If we really want wearable computing to take off as a concept, we’re going to need lightweight input devices that can do some heavy lifting. Sure, split ergo keyboards are awesome. But it seems silly to restrict the possibilities of cyberdecks by limiting the horizons to imitations of desk-bound computing concepts.
What we really need are things like [Zach Freedman]’s somatic data glove. This fantastically futuristic finger reader is inspired by DnD spells that have a somatic component to them — a precise hand gesture that must be executed perfectly while the spell is spoken, lest it be miscast. The idea is to convert hand gestures to keyboard presses and mouse clicks using a Teensy that’s housed in the wrist-mounted box. You are of course not limited to computing on the go, but who could resist walking around the danger zone with this on their wrist?
Each finger segment contains a magnet, and there’s a Hall effect sensor in each base knuckle to detect when gesture movement has displaced a magnet. There’s a 9-DoF IMU mounted in the thumb that will eventually allow letters to be typed by drawing them in the air. All of the finger and thumb components are housed in 3D-printed enclosures that are mounted on a cool-looking half glove designed for weightlifters. [Zach] is still working on gesture training, but has full instructions for building the glove up on Instructables.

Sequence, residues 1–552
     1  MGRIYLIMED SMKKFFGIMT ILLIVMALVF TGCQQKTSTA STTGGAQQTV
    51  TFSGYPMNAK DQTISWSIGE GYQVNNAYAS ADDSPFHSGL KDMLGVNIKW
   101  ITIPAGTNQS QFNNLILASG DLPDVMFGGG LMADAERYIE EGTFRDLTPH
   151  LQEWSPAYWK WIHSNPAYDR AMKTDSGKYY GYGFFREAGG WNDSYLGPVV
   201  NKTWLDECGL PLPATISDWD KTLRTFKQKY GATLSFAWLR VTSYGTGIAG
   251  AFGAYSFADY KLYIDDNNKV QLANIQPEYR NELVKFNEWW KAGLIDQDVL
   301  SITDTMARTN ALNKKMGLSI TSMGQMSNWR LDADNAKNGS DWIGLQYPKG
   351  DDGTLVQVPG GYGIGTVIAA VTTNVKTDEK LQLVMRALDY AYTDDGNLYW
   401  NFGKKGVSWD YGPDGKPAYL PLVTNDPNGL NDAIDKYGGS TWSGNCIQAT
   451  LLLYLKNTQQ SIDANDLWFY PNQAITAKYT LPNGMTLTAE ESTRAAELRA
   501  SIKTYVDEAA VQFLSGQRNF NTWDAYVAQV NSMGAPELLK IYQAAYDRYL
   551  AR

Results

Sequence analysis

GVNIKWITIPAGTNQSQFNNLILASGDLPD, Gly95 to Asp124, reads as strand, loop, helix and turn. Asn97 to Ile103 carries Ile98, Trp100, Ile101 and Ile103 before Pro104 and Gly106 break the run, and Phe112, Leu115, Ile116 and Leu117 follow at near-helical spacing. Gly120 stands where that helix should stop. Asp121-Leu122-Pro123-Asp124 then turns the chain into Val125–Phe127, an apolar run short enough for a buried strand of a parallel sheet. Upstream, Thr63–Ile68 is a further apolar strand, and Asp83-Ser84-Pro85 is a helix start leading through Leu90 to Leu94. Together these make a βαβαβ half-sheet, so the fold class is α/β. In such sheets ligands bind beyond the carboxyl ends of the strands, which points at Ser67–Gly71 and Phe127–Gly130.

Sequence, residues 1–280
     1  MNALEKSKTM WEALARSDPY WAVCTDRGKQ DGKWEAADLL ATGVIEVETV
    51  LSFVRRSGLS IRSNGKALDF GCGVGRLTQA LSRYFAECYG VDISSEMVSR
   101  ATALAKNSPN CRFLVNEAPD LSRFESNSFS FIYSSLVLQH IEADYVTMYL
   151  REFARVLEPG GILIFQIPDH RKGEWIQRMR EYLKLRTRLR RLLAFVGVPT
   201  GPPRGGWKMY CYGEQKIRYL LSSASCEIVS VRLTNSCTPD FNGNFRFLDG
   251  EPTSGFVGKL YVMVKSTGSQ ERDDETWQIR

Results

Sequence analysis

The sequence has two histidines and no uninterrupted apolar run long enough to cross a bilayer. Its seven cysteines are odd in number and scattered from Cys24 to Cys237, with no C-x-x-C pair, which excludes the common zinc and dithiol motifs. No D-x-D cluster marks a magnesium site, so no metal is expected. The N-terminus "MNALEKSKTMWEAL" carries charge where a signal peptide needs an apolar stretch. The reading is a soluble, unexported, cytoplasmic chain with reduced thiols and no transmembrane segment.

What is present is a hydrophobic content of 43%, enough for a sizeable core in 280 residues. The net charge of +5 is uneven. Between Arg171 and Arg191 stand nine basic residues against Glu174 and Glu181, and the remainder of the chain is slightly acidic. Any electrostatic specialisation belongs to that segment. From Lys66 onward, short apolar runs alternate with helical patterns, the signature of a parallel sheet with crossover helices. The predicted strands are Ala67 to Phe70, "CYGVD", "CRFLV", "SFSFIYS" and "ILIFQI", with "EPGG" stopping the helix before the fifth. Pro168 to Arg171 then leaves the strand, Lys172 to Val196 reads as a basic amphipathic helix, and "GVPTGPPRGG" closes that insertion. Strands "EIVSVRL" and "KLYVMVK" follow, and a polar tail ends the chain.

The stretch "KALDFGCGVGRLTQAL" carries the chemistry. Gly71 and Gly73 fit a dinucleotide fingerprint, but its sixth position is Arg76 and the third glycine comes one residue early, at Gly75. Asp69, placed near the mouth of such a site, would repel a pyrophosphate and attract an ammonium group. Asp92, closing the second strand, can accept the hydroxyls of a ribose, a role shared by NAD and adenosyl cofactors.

It’s true: we do love split ergo keyboarded cyberdecks, and this one is out of this world.
Just because something doesn’t seem to have an apparent purpose, that doesn’t mean we shouldn’t try making it anyway. As flexible PCBs become cheaper and easier to order from low-scale fab houses, we’re seeing hobbyists experiment with new uses for them such as [Carl Bugeja]’s jumping circuit.
The circuit is based a coil printed on the flexible PCB itself acting as an electromagnet, but unlike other designs which use the same trick, in this one the coil is made to be the static side of an actuator. Attached to the circuit with folding arms is a stack of two permanent magnets, which work as the moving part. Since the magnets make up most of the mass of the circuit, as they’re pushed down and sprung back up, it causes the whole thing to leap around just under one centimeter off the table like a little electric grasshopper.
This is far from [Carl]’s first appearance here on Hackaday, and he’s been clearly busy exploring new uses for flexible PCBs with their properties as electromagnets, from making POV displays with them to small robots that move around through vibration. We’re excited to see what else he can come up with, and you can see this one in action after the break.